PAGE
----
Alexa computes traffic rankings by analyzing the aggregated historical traffic data from millions of Alexa Toolbar users. The main Alexa traffic rank reflects both the number of users who visit that site and the number of pages they then view. The former is termed reach and is expressed as the percentage of all internet users who visit the site. The latter, called page views, are a measure of unique daily visits, on average, by each user in the period under study. Alexa shows a daily, weekly, and three-monthly picture for any site and how these are trending over time.
So, if a site like yahoo.com has a weekly reach of 28%, this means that in an average day during that week, 28% of all global internet users (measured by Alexa) visited it. Alexa sounds good but it has a number of limitations, mainly due to the Toolbar population being unrepresentative of the internet user base as a whole. For example, the Alexa Toolbar is not supported on the AOL/Netscape and Opera browsers; Alexa users are disproportionately likely to visit sites that are featured on alexa.com, such as amazon.com and archive.org; and there is a strong relative uptake of Alexa in China and Korea. More importantly, the Alexa Toolbar is disproportionately used by webmasters with an unhealthy obsession (like me!). Web directories, blogs, and the like tend to have their traffic overstated. The other key point is that the reliability of Alexa’s data falls exponentially as you move down through the rankings.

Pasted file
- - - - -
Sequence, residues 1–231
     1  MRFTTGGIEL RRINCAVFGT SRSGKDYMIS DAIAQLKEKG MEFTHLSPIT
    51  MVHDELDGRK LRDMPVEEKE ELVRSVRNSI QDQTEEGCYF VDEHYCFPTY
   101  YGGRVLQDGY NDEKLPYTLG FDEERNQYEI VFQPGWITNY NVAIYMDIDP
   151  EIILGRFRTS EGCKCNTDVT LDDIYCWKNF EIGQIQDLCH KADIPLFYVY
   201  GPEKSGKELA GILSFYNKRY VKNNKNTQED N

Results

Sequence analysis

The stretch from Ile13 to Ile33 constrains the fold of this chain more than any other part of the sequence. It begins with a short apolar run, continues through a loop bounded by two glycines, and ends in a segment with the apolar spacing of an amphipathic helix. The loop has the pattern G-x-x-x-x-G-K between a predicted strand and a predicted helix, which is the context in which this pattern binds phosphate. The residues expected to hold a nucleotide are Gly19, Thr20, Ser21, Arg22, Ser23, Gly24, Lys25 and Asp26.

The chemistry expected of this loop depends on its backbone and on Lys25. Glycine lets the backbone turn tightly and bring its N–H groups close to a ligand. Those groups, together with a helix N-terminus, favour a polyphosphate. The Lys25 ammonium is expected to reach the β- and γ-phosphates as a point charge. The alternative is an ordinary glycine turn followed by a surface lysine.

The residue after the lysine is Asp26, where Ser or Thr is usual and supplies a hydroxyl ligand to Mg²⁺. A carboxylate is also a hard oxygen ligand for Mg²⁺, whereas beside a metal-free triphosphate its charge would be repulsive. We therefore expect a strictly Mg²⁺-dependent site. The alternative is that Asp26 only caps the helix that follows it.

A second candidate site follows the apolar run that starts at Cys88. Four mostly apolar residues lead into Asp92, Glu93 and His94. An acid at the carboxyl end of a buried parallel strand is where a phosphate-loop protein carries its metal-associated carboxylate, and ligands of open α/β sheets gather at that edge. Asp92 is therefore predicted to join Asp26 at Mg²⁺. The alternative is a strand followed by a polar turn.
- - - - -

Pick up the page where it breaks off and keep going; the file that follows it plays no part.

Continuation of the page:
The data set is not large enough to determine accurately the rankings of sites with fewer than 1,000 total monthly visitors. Alexa itself states that the data for any site sitting outside the top 100,000 is inherently unreliable, due to a lack of statistical significance. Indeed, if your site is outside the top 1,000,000, you will notice that, as soon as you start looking at your site through Alexa, your site ranking seems to tick up. This is actually you affecting the numbers! All the same, the Alexa data is the best of a bad lot, in my humble opinion. It may not be perfect, but it’s a useful guide nonetheless to your position relative to your competitors. I would install the Alexa toolbar in your browser once every three to four months for a short period to check your position, then uninstall it until the next time you want to check, so that your own browsing doesn’t skew the results too much.

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